chapter9_4slides - Notes Introduction to Probability and...

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Introduction to Probability and Statistics II Instructor: John Snyder Office: Middlebush 35 Office hours: T/TH 8am - 9:30am Email: [email protected] 1 26 2016 John Snyder (MU) Stat —— 3500 — 1 26 2016 1 / 81 Experimental Design & Analysis of Variance (ANOVA) 1 9.1 Elements of a Designed Experiment 2 9.2 Completely Randomized Design: Single Factor 3 9.3 Multiple Comparisons of Means 4 9.4 The Randomized Block Design (RBD) 5 9.5 Factorial Experiments John Snyder (MU) Stat —— 3500 — 1 26 2016 2 / 81 9.1 Elements of a Designed Experiment Section 1 9.1 Elements of a Designed Experiment John Snyder (MU) Stat —— 3500 — 1 26 2016 3 / 81 9.1 Elements of a Designed Experiment Observational studies Observational studies Researchers observe experimental units in their natural setting and record the variable(s) of interest. A researcher simply observes behavior in a systematic manner without influencing or interfering with the behavior. Not reasonable to assess causation. Example: Asking people if they meditate and measuring their blood pressure to see if there is a difference between those two groups. John Snyder (MU) Stat —— 3500 — 1 26 2016 4 / 81 Notes Notes Notes Notes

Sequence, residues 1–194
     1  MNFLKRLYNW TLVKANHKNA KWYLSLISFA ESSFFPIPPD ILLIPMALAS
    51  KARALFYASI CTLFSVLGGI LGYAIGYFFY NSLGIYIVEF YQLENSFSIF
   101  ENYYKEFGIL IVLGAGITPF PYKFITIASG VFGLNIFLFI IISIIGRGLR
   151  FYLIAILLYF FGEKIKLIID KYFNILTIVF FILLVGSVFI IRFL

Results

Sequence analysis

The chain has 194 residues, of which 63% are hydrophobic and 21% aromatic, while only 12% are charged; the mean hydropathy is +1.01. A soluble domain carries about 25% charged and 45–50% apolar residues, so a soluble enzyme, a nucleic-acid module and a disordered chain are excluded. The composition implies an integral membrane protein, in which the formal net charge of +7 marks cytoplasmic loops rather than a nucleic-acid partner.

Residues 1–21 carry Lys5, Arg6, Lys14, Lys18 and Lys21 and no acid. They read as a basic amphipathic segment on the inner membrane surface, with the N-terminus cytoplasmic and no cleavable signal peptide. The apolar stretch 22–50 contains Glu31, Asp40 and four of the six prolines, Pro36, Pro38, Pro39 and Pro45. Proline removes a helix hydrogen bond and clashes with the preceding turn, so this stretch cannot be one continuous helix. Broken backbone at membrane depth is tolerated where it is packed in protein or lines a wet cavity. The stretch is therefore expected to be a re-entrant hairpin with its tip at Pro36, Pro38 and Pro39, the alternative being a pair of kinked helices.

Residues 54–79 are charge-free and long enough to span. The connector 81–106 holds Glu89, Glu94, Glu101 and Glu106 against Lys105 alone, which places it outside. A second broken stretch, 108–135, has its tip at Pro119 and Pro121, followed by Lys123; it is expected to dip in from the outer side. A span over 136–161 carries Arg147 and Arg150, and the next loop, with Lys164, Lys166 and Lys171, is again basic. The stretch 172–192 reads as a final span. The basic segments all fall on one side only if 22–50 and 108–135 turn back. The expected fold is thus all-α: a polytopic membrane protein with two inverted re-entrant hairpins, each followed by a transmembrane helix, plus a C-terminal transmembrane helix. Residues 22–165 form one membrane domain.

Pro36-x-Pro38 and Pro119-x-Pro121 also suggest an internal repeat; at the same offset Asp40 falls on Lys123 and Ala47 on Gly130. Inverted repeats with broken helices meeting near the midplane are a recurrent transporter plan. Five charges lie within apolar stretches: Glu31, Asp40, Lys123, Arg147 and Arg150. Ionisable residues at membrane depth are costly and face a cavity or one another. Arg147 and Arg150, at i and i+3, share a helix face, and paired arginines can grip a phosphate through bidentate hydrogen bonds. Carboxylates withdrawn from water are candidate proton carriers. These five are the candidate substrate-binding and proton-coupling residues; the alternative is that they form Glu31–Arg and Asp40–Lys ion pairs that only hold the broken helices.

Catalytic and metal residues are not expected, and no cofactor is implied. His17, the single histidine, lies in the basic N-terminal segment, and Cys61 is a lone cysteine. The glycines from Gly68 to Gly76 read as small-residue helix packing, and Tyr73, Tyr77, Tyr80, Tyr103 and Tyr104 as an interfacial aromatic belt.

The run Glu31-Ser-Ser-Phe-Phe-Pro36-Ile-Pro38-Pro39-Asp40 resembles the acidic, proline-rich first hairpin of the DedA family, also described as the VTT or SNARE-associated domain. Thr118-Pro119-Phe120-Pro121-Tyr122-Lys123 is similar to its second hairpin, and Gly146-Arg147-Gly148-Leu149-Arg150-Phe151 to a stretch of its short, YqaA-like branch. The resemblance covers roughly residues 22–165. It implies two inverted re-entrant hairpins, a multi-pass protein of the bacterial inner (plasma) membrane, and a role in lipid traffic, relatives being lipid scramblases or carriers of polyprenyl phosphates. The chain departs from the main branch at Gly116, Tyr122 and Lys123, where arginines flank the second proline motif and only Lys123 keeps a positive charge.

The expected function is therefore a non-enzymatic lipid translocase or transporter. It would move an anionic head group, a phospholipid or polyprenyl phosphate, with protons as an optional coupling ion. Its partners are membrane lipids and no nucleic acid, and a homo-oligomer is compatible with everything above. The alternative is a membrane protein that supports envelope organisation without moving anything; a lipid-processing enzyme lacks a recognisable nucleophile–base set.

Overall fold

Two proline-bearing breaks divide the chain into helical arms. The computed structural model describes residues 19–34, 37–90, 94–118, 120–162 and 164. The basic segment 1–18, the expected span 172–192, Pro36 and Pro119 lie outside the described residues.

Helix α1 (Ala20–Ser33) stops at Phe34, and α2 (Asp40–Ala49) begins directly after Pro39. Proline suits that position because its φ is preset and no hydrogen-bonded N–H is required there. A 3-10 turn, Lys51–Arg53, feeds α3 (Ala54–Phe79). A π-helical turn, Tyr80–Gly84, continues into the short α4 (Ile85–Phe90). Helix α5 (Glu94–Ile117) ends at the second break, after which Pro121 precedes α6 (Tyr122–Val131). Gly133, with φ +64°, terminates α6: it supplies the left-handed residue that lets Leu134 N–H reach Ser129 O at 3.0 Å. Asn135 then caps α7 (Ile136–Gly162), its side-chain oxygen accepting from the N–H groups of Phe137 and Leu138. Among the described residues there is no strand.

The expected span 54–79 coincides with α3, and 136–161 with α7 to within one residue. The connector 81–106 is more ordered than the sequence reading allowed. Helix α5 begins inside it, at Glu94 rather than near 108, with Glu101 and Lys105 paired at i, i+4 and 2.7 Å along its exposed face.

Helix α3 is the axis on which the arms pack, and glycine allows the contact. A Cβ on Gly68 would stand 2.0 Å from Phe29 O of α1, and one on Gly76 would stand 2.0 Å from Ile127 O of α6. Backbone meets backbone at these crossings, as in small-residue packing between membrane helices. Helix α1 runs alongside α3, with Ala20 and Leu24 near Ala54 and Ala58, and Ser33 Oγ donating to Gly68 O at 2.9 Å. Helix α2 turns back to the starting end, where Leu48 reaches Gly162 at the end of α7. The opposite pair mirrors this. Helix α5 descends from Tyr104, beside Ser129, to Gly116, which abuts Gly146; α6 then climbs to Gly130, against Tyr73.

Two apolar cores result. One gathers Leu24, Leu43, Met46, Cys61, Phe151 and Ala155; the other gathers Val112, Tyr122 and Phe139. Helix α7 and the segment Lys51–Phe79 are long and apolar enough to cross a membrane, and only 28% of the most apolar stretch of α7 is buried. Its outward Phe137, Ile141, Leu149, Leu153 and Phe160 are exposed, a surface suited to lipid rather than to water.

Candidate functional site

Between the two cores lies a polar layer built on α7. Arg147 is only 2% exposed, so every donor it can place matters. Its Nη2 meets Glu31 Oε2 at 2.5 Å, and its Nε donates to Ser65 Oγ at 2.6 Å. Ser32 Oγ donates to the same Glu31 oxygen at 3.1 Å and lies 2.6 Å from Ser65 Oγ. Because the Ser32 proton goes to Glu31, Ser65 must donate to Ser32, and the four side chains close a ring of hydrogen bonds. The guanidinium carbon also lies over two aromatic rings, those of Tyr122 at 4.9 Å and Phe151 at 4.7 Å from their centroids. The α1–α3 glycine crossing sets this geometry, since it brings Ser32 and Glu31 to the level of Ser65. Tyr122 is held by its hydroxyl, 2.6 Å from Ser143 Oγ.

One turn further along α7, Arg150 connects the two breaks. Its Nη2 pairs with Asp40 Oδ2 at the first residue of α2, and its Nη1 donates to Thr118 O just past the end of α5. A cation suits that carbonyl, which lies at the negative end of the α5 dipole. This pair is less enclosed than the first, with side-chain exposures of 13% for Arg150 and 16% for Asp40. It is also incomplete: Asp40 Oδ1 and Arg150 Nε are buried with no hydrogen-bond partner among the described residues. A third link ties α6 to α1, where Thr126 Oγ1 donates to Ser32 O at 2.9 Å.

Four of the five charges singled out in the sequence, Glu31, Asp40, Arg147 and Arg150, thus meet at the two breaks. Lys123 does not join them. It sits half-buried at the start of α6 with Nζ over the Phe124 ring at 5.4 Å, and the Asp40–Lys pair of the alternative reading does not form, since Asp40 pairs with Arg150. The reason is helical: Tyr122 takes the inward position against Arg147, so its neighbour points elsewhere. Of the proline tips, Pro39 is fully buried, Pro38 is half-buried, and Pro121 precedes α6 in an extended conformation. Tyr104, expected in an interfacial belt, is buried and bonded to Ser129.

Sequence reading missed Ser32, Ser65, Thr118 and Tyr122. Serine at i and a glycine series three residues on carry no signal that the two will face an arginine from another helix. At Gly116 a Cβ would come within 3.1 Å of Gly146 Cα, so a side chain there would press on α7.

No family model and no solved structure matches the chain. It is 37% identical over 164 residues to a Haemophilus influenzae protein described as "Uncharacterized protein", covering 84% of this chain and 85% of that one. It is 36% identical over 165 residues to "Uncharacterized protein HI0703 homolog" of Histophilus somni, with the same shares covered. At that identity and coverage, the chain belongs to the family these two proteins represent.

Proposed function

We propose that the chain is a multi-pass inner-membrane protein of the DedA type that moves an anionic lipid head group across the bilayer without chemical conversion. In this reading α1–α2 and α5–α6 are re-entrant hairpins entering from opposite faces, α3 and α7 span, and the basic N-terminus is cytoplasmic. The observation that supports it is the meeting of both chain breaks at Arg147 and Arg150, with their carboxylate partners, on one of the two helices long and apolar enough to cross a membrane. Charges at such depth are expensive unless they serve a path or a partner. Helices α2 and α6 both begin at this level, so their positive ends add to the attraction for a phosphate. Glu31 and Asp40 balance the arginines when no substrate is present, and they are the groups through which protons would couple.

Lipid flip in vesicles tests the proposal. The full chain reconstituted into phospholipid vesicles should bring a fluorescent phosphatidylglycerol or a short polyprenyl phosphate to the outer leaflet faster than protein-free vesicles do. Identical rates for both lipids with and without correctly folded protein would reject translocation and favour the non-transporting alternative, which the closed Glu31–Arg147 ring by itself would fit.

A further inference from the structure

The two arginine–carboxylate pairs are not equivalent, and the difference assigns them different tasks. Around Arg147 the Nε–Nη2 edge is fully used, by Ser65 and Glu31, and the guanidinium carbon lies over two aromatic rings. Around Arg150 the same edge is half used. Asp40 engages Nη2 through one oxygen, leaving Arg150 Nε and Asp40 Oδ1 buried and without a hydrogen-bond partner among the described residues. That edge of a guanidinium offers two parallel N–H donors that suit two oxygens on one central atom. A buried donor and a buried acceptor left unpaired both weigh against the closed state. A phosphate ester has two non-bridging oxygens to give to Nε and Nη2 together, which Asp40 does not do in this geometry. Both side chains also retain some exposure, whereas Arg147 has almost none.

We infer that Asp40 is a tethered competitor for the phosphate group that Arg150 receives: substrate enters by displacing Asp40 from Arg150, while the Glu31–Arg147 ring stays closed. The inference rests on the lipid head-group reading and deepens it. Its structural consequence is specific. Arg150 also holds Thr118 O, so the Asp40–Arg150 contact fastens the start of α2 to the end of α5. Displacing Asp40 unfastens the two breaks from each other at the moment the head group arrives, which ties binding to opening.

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9.1 Elements of a Designed Experiment Designed experiment Designed experiment Researchers control the specification of the treatments and the method of assigning experimental units to each treatment. More reasonable to assess causation. Example: Selecting people to meditate/not meditate and measuring their blood pressure to see if there is a difference between those two groups. John Snyder (MU) Stat —— 3500 — 1 26 2016 5 / 81 9.1 Elements of a Designed Experiment Advantages of designed experiments When we design a study, we want to maximize the amount of information obtained about the relationship between the treatments and the response. If we conduct a designed experiment, rather than an observational study, we can choose the treatments and factor levels to accomplish this. Additionally, the randomization that occurs in a designed experiment eliminates the bias inherent in observational studies. John Snyder (MU) Stat —— 3500 — 1 26 2016 6 / 81 9.1 Elements of a Designed Experiment Definitions Response variable (dependent variable) : Variable of interest to be measured in an experiment (e.g. SAT scores) Factors (independent variables) : the variables whose effect on the response is of interest (e.g Socio-Economic-Status) Quantitative: Numerical nature (e.g. high school GPA) Qualitative: Non-numerical nature (e.g. gender) Factor levels : the values of a factor Example: Factor Factor levels GPA Under 3.5, Over 3.5 Gender Male,Female John Snyder (MU) Stat —— 3500 — 1 26 2016 7 / 81 9.1 Elements of a Designed Experiment More Definitions Treatments : Factor-Level combinations Gender: 2 treatments (F & M) Gender × GPA(Under 3.5, Over 3.5): 4 treatments (M-Under 3.5, M-Over 3.5, F-Under 3.5, F-Over 3.5) m factors, n 1 ,..., n m levels: n 1 × . . . n m treatments.
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